The year after the brewery dinner mentioned above, Henry Byrne was to marry Leila Douglas.  The marriage took place at Holy Trinity Church in Hounslow on 30th August 1899, Leila being the youngest daughter of Dr James and Adelaide Douglas.  Dr. Douglas had become a Member of The Royal College of Surgeons in 1851, and the family had moved to Hounslow in 1856.  Leila (born in 1863) was the youngest of six children, with four elder sisters. 4 

How Henry came to meet Leila is unknown.  Presumably after getting married, Henry and Leila moved to 120 Bellingdon Road, Chesham, where according to the 1901 census they were supported by a 28-year-old, Chesham born, cook/domestic, ironically called Susan Cook. The same year, Leila’s father died while on a visit to their home on Bellingdon Road.

Post marriage, Henry’s success continued at the Chesham Brewery.  In 1904 the brewery exhibited their wares for the first time at the Brewer’s Exhibition held at the Agricultural Hall, London.  There were 174 exhibits and the brewery won prizes in two categories. 5 Prizes continued to be won in later years, with two firsts, a second and two thirds being accumulated, ‘only exhibiting unsuccessfully on one occasion’.  6

By the time of the 1911 census, Henry and Leila has moved to The Cotttage, Amy Lane, Chesham, and they were supported by a housemaid, Florence Covington, and a 21-year-old cook, Emily Buckoke (who was born in Chesham).  

Black and white photo of The Cottage Amy Lane. There are trees surrounding the cottage and a wooden archway at the fence at the entrance of the garden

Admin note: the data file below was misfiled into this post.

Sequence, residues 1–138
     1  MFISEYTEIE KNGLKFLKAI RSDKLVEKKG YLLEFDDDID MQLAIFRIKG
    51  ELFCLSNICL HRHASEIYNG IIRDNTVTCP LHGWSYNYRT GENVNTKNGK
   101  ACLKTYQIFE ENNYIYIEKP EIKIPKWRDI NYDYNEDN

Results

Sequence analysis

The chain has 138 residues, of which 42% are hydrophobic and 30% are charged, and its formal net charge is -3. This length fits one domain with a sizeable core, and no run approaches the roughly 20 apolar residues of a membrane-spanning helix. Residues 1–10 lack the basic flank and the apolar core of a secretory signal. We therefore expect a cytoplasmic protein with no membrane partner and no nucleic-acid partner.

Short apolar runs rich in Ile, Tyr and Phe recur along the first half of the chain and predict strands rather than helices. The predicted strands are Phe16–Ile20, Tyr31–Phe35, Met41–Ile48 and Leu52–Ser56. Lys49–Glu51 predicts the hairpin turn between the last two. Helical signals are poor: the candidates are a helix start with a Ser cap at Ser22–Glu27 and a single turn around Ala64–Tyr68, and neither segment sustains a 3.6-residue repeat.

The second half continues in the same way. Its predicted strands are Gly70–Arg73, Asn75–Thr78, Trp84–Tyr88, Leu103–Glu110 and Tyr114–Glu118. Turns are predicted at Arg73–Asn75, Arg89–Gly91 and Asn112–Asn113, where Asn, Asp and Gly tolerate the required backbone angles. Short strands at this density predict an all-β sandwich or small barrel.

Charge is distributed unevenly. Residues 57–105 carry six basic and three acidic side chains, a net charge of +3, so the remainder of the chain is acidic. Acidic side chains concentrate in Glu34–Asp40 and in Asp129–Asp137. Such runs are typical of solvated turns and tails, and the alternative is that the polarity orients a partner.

The Cottage, Amy Lane, Chesham (in the days before houses were built around it)

In 1913, on the death of W.J. Nash, Henry Byrne was appointed as the Chesham Brewery’s Managing Director.

A poster showing Chesham Brewery Wine and Spirits Merchants

As the 1913 announcement of Henry Bryne’s appointment as Managing Director of the Chesham Brewery makes clear, he was active in a lot more local causes than just brewing.  The activities reported along with the announcement included being a member of Chesham Urban District Council, and Chairman of the General Purposes Committee, Chairman and Treasurer of the Chesham Allotment Holders’ Association, Chairman of the Town Band Committee and a vice-president of several of the Athletic Clubs in the district 6.

The First World War

During the first World War both Henry and Leila Byrne devoted themselves to local causes.  On 30th October 1914 a Chesham Town Belgian Relief Committee was formed, with Henry Byrne as the Chairman of the General Committee and William Lowndes as the Chairman of the Finance Committee.  7

In all, 63 refugees ‘from the country of our brave Ally, Belgium, have been entertained in this town’ and by April 1916 32 of them were still being supported.  In parallel, it was reported in January 1915 that land had been acquired for a new Catholic church between Chesham and Amersham ‘which is now more than ever needed, owing to the influx of Belgian refugees’ and ‘which will be opened by Easter’.8

It is assumed that Henry Byrne became a worshipper at the resulting Church of Our Lady at Chesham Bois, given that Father F.J. Flanagan from the church officiated at both of the funeral services on Henry’s death.   

Photo of the Church of Our Lady in Chesham Bois.
Church of Our Lady, Chesham Bois (photo taken on 15 April 2023)

In 1915 Henry rejoined the Chesham Urban District Council, this time as the Council Chairman. 9   On 21st October 1915 three performances of ‘Our Day’ were laid on, presumably to raise money for the Red Cross.  Henry Byrne’s photograph was included on the programme for the event alongside Lady Susan Trueman.

Souvenir programme for ‘Our Day’, 21st October 1915 with close-up of Henry Byrne’s photograph
Souvenir programme for ‘Our Day’, 21st October 1915 with close-up of Henry Byrne’s photograph

Leila’s activities included organising a Chesham Red Cross fund raising appeal in 1917.  10

After the end of the First World War, there were the forementioned Chesham Peace Celebrations on 5th August 1919, but also Henry presided over the Chesham War Memorial Committee.